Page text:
Objectives: This prospective study tested whether transmitral flow patterns add incremental value to peak oxygen consumption (VO2) in determining the prognosis of patients with chronic congestive heart failure (CHF) and systolic dysfunction.
Background: Peak VO2 is an objective marker of functional capacity and is routinely used as a criterion to identify heart transplant candidates. Diastolic dysfunction limits functional capacity, but its prognostic importance relative to that of peak VO2 is unknown.
Methods: Peak VO2 and mitral inflow velocities were prospectively measured in 311 consecutive patients (mean age 54 years, 84% male) with impaired left ventricular function (ejection fraction <40%; 88 patients with ischemic and 223 with dilated cardiomyopathy) who were evaluated for heart transplant candidacy.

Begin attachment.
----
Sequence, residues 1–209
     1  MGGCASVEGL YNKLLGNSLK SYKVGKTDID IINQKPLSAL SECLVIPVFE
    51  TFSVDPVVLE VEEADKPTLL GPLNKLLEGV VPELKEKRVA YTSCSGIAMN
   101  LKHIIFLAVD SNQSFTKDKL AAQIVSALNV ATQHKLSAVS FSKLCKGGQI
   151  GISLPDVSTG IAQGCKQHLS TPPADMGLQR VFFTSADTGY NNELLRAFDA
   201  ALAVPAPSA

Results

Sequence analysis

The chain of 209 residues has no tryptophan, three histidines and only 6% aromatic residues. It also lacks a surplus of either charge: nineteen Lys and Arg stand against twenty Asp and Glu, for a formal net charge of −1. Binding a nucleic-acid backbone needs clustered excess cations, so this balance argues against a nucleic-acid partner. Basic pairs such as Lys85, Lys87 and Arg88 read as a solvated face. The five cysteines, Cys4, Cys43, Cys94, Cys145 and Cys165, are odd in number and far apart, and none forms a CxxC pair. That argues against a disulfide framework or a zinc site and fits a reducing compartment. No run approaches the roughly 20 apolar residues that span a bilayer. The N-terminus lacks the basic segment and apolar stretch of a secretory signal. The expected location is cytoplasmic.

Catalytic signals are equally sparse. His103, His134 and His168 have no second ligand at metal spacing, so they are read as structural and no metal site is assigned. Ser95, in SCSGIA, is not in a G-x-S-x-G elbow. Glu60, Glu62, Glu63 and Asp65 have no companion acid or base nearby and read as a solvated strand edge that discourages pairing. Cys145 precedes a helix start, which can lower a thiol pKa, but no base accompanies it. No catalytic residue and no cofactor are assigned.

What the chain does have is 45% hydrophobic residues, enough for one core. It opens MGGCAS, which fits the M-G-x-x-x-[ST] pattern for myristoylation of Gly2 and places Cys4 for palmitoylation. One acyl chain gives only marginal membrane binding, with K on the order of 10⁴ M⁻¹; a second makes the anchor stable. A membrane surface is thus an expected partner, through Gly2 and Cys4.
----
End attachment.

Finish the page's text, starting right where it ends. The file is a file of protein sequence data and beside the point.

Results: During a mean follow-up period of 512 +/- 314 days, 65 patients died and 43 patients underwent heart transplantation. Diastolic filling patterns, peak VO2 and left ventricular end-diastolic diameters were independent predictors of cardiac mortality. In patients with peak VO2 < or = 14 ml/min per kg body weight, the outcome was markedly poorer in the presence of restrictive filling patterns as compared with their absence (two-year survival rate 52% vs. 80%). Similarly, despite peak VO2 levels >14 ml/min per kg, the outcome was less favorable in the presence of restrictive filling patterns (two-year survival rate 80% vs. 94%). A risk-stratification model based on the identified independent noninvasive predictors separated groups into those with high (93%), intermediate (65%) and low (39%) two-year survival rates.
Conclusions: Transmitral flow patterns add incremental value to peak VO2 in determining the prognosis of patients with CHF and impaired systolic function.